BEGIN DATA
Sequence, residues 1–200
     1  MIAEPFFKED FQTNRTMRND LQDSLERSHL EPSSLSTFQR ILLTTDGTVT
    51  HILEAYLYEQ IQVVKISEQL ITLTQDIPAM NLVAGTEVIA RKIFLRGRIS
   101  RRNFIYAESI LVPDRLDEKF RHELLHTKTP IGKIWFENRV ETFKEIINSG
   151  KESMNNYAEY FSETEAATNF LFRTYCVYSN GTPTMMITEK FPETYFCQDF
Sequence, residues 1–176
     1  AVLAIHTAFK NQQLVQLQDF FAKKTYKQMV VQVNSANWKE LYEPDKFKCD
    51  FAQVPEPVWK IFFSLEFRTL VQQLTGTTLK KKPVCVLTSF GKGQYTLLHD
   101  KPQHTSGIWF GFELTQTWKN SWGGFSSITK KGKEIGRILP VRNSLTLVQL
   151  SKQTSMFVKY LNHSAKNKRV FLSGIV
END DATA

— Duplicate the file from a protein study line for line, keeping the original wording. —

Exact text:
Sequence, residues 1–200
     1  MIAEPFFKED FQTNRTMRND LQDSLERSHL EPSSLSTFQR ILLTTDGTVT
    51  HILEAYLYEQ IQVVKISEQL ITLTQDIPAM NLVAGTEVIA RKIFLRGRIS
   101  RRNFIYAESI LVPDRLDEKF RHELLHTKTP IGKIWFENRV ETFKEIINSG
   151  KESMNNYAEY FSETEAATNF LFRTYCVYSN GTPTMMITEK FPETYFCQDF
Sequence, residues 1–176
     1  AVLAIHTAFK NQQLVQLQDF FAKKTYKQMV VQVNSANWKE LYEPDKFKCD
    51  FAQVPEPVWK IFFSLEFRTL VQQLTGTTLK KKPVCVLTSF GKGQYTLLHD
   101  KPQHTSGIWF GFELTQTWKN SWGGFSSITK KGKEIGRILP VRNSLTLVQL
   151  SKQTSMFVKY LNHSAKNKRV FLSGIV